North Dakota - update through March 2017

This interactive presentation contains the latest oil & gas production data from all 12342 horizontal wells in North Dakota that started production since 2005, through March 2017.

Oil production in March declined with about 1% over the previous month (1,026 kbo/d vs 1,034 kbo/d) . The above graph shows that, after a 2-month hiatus, production from older wells fell again. Gas production rose again, to 1.73 BCF/d, and is now close to the all-time high of November 2016 (1.76 BCF/d).

In March 56 new wells started production, vs 62 in both January & February. I expect this number to go up in the coming months, as drilling & completion activities are resuming after the winter break, and after road restrictions have been cleared.

The ‘Advanced Insights’ presentation is displayed below:



This “Ultimate recovery” overview shows how all these horizontal wells are heading towards their ultimate oil or gas recovery.

The graph reveals the major changes in well performance after 2014, as fewer wells were completed, and as frac volumes have gone up significantly. You’ll see more recent, and detailed data, if you set the “Show wells by” selection to “Quarter of first flow”. This will group the performance of wells by the quarter in which they started, and it will show you that since the 2nd quarter of 2016, wells again peaked far higher than earlier wells, before starting to fall off in a an apparently similar fashion.

I’ve excluded Bowman county using the “County” selection filter, as most of the horizontal wells in this county are conventional ones.

The 2nd tab (“Cumulative production ranking”) ranks all counties in North Dakota by cumulative production. You’ll notice that just 4 counties have been responsible for most of the oil production. If you change the ranking selection to “Well”, the list will show you the ranking of all 12,342 individual horizontal wells in ND instead.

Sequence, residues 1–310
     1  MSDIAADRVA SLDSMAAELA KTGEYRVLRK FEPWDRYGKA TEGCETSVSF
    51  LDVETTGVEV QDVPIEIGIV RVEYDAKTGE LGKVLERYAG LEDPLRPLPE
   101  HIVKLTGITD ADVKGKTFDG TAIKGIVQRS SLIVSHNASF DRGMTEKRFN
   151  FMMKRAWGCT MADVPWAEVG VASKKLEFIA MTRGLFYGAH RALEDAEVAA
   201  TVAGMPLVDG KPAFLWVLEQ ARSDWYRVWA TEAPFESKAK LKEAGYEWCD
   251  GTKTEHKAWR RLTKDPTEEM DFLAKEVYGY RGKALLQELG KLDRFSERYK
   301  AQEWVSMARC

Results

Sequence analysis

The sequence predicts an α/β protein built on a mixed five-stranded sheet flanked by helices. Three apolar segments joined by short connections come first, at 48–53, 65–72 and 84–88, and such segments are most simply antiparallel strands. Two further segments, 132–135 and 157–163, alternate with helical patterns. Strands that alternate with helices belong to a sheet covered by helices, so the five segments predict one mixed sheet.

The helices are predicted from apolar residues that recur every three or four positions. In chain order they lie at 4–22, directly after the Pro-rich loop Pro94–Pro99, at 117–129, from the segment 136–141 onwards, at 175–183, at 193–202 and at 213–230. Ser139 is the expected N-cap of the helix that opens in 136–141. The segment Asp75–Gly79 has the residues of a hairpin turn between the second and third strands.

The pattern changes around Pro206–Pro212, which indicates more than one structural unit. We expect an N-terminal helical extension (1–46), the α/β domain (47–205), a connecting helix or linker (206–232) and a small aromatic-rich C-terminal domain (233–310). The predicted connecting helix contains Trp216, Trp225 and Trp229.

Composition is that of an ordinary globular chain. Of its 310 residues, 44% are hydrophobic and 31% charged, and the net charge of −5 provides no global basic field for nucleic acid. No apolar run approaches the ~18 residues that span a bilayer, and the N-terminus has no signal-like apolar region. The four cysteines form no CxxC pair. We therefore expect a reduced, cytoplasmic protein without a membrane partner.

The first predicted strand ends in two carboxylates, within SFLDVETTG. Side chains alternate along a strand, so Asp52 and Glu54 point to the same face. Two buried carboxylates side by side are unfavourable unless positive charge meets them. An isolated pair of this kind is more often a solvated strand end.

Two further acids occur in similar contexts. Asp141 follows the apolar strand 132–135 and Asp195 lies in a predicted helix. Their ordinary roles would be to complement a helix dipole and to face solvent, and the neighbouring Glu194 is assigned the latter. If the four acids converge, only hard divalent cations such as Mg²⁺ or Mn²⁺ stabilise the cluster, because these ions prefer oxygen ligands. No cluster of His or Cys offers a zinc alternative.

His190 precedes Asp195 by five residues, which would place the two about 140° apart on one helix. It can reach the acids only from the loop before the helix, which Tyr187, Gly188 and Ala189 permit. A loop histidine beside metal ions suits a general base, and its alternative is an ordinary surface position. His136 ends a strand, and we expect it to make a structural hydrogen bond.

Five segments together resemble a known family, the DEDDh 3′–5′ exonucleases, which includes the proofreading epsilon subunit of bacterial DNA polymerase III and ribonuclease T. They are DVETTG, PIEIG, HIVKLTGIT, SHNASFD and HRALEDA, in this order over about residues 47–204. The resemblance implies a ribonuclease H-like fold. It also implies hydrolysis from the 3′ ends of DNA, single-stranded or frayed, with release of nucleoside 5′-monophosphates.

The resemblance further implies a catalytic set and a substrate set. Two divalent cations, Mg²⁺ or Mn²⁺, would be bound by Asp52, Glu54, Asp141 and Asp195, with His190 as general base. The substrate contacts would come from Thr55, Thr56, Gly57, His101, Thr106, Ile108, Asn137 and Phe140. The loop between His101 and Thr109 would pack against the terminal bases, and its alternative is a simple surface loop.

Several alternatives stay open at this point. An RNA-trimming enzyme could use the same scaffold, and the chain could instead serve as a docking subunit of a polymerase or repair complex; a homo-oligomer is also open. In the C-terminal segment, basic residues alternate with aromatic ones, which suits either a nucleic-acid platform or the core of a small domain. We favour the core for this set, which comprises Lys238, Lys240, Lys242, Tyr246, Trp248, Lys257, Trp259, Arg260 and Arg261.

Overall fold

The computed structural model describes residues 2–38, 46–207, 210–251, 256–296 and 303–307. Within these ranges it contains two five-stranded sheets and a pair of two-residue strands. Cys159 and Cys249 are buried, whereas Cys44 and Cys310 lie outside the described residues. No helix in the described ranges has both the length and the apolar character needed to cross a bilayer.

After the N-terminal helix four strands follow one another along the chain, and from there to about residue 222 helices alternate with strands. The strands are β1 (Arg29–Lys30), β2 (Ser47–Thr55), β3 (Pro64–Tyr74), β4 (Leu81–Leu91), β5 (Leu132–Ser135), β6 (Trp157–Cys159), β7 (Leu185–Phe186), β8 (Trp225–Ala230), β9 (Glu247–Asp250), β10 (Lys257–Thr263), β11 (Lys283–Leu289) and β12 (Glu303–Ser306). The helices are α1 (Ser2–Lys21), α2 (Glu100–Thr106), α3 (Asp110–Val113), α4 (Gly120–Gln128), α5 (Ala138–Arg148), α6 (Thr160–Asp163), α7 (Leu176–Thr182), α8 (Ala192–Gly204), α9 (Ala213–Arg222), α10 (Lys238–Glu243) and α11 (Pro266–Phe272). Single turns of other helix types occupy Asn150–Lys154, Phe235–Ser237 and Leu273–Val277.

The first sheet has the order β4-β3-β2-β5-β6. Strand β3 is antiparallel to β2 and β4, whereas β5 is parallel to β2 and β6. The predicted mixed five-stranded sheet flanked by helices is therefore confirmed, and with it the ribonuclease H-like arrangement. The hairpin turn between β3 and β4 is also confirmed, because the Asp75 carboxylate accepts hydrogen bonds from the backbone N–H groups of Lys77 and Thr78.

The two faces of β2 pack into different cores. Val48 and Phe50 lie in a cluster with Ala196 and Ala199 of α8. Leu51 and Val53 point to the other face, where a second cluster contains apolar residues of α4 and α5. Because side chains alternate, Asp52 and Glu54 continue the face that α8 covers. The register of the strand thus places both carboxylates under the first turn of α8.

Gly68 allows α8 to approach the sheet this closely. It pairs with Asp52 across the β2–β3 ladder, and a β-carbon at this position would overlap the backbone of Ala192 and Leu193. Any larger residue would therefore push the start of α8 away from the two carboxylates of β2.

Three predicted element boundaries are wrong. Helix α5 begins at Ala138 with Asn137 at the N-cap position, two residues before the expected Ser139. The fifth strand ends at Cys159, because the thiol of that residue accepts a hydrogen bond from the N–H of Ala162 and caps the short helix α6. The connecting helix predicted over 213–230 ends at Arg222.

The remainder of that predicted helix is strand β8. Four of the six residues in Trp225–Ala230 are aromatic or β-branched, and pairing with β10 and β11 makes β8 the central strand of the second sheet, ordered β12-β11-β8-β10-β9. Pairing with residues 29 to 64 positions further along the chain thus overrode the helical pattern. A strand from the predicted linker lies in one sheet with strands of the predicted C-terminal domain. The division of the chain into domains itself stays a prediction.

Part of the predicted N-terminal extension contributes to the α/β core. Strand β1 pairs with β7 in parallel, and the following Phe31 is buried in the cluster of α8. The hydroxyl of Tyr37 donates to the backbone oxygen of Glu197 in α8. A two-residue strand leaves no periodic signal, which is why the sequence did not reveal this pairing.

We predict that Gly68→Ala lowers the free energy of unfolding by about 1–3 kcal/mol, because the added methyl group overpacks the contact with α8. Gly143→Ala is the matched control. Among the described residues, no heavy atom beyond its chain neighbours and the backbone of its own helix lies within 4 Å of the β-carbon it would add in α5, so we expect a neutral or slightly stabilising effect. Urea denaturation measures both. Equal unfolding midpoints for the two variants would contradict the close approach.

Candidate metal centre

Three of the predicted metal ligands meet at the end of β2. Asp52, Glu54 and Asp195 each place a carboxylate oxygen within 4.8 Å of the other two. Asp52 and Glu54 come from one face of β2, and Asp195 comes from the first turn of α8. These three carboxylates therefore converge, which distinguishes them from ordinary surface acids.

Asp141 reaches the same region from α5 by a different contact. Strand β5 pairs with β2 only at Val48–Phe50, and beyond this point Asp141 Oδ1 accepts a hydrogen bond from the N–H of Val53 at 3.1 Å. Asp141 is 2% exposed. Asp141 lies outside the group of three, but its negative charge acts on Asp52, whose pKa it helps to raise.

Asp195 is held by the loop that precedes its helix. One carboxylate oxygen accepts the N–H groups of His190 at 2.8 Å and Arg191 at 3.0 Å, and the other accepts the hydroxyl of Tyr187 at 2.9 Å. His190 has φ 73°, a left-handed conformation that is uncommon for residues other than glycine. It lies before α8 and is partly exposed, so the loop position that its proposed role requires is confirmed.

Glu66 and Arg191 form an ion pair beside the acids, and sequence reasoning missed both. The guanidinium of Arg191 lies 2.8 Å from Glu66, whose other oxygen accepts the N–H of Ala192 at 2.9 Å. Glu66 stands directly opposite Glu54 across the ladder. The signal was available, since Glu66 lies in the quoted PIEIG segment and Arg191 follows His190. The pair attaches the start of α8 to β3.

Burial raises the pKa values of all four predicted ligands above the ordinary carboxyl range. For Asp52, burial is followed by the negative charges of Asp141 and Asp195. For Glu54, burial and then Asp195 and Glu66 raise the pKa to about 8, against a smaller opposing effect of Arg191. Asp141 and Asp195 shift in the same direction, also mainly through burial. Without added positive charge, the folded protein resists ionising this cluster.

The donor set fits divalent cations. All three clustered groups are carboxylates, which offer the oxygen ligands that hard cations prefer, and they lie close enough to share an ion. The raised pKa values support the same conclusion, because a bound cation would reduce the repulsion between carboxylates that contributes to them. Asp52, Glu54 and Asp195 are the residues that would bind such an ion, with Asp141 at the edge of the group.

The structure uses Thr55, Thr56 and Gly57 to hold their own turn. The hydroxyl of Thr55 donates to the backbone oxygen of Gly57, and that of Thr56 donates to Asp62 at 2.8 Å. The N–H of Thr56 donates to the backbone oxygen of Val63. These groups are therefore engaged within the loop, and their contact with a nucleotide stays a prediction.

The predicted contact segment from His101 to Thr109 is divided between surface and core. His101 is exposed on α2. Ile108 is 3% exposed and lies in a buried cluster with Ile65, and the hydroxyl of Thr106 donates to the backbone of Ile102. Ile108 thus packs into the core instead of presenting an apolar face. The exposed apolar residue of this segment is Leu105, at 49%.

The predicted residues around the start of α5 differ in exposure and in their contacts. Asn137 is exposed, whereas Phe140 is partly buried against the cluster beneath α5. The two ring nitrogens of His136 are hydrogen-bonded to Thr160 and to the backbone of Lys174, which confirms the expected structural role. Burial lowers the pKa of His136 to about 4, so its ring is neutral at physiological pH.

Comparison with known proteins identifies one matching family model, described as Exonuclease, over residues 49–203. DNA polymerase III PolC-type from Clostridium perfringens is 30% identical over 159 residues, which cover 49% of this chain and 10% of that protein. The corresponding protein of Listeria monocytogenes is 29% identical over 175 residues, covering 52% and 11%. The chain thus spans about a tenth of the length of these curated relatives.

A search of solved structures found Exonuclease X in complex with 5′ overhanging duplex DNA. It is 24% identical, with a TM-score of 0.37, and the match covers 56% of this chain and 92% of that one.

In about 2 weeks I expect to publish a post on a state that I haven’t covered before.

For these presentations, I used data gathered from the following sources:

  • DMR of North Dakota. These presentations only show the production from horizontal wells; a small amount (about 30 kbo/d)  is produced from conventional vertical wells.



The above presentations have many interactive features:

  • You can click through the blocks on the top to see the slides.
  • Each slide has filters that can be set, e.g. to select individual or groups of operators. You can first click “all” to deselect all items. You have to click the “apply” button at the bottom to enforce the changes. After that, click anywhere on the presentation.
  • Tooltips are shown by just hovering the mouse over parts of the presentation.
  • You can move the map around, and zoom in/out.
  • By clicking on the legend you can highlight selected items.
  • Note that filters have to be set for each tab separately.
  • The operator who currently owns the well is designated by “operator (current)”. The operator who operated a well in a past month is designated by “operator (actual)”. This distinction is useful when the ownership of a well changed over time.
  • If you have any questions on how to use the interactivity, or how to analyze specific questions, please don’t hesitate to ask.


  • Alex says:


    I am trying to figure out the average decline rates for legacy production. Using you dataset, it looks as though it has been around 50% since 2010, dropping a bit in 2016.

    In a scenario where US shale adds 3 mb/d of new production for a few years, what do you think will be the average decline rate for legacy production. I guess it will go down gradually before flattening out, but to what level? 40%?

    Thanks again for great website

    1. Enno says:

      Thanks Alex,

      > I guess it will go down gradually before flattening out, but to what level? 40%?

      That’s also not an easy question to answer; the reason is that much older wells peter out at a rate of somewhere around 10% per year (+- 5%). Therefore, the rate of decline of all legacy production will be somewhere between this number, and 60%, all depending on how much new production is added each year, on which I don’t have an opinion.

  • Connor says:

    I wonder what it would look like if you normalized the data to all have the same amount of wells per year, but just took the best wells from years 2012-15 and compared to the newer wells 2015-2017 in your ult. recovery profile.

    1. Enno says:


      Indeed an interesting question that I’ve been pondering myself as well.

      In the current presentation, this question cannot be directly answered. However, I belief that using the “Productivity Distribution” overview, in theory it is possible to answer this question already. It would require quite some work though. If somebody is going to do that, I hope the result is posted here.

      I may be able to do more on this in the future, but I haven’t planned this yet.

      Related to this, I’m keen on seeing how well productivities are changing now that we start to see more activity again in several of the basins I cover.

    2. jim brooker says:

      now that is a great idea.

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